The Machine from the God
May 12th, 2014
"[producers] must produce a constant and standard product; for the... machine must be fed at a steady rate as a real estate investment. They work zealously at this all along the line. They buy a backlog of stories already fabricated, stories that have been tested by millions..."
"Every move of an actor must be emblazoned. Fan magazines are encouraged. Finally millions of people will crowd the box office if only those magic names are put up on the marquees, without regard for what sort of film it is."
Sounds like a description of today's Hollywood doesn't it? The above quotes are from Dudley Nichols, an Oscar winning screenwriter for THE INFORMER (1936). Nichols served as president of the Screen Writers Guild in 1937 and 1938. In 1954, he won the Laurel Award for Screenwriting Achievement from the Writers Guild of America.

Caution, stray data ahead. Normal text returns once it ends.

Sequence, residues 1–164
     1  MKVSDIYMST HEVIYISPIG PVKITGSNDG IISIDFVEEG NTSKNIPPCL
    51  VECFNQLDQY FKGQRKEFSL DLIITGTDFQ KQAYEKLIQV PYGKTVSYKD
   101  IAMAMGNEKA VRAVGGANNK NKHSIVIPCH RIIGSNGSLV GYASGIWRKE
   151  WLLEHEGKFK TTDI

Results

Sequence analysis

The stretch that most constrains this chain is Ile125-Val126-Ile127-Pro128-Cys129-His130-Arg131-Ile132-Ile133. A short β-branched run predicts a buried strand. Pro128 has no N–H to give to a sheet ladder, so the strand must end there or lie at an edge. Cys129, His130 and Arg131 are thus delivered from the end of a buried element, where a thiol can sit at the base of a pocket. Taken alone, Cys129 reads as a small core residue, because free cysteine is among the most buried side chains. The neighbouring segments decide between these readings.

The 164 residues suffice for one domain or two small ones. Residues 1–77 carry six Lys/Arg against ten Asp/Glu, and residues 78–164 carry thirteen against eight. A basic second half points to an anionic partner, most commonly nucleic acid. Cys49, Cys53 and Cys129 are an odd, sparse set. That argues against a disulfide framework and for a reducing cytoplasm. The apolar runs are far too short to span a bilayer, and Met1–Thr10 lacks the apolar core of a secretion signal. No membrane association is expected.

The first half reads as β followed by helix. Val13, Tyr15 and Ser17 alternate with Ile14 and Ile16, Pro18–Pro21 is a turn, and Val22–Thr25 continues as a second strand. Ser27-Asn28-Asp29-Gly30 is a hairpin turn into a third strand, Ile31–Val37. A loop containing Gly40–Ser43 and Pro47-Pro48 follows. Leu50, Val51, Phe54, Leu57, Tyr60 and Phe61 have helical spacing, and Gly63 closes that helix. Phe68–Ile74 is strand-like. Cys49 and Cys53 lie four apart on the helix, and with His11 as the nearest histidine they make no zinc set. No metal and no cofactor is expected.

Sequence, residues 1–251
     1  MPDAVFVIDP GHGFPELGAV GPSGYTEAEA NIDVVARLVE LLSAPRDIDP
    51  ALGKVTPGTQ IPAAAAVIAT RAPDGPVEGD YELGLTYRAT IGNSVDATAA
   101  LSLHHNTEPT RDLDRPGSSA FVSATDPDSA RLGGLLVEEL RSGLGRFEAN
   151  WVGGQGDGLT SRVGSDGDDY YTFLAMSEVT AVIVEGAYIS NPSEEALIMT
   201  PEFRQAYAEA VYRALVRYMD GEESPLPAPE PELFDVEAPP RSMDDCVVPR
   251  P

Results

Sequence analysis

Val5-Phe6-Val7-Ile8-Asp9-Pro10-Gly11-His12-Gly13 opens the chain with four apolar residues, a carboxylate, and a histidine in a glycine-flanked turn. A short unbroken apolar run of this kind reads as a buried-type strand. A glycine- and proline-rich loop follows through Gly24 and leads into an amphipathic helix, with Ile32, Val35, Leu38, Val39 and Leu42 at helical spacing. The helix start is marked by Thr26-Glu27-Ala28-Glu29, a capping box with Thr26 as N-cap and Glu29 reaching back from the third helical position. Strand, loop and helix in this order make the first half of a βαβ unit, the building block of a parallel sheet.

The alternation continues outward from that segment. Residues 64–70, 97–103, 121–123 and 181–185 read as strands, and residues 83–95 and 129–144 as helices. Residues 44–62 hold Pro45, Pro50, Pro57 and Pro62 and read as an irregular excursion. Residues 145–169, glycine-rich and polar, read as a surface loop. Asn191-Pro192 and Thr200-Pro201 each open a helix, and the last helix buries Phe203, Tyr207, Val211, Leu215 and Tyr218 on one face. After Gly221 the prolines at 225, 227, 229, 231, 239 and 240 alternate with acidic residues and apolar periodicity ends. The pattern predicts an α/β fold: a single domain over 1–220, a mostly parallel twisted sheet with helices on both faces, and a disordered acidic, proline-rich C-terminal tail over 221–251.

In 1946 Crown Publishers (New York) published the Second Annual Best Film Plays, edited by John Gassner and Dudley Nichols. The publication series represents the first attempt at publishing and really celebrating Hollywood screenwriting that I have found. It's also noteworthy that the series would not make it to a third publication.
In it Nichols wrote an editorial titled "The Machine From the God." The piece is interesting as in it Nichols tackled not just the studio system (the "machine"), but also he took to task the audience and what he saw as a "cultural and moral regression." The machine was just doing what the machine does, "give the people what they want." Something you still hear today.
Anyway, an interesting article that I will be writing more about including Crown Publishers attempt to celebrate the Hollywood Screenwriter and why it failed.
About the Author
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(Follow on Twitter) Christopher Wehner is a published author and produced screenwriter, EL CAMINO CHRISTMAS @Netflix; visit his IMDB page for future projects. Christopher has been a leading member of the online screenwriter's community going back to the 1990s. In 2001 he published the groundbreaking book Screenwriting on the Internet: Researching, Writing and Selling Your Script on the Web,.
To contact Chris visit his website: Warm Beer Productions.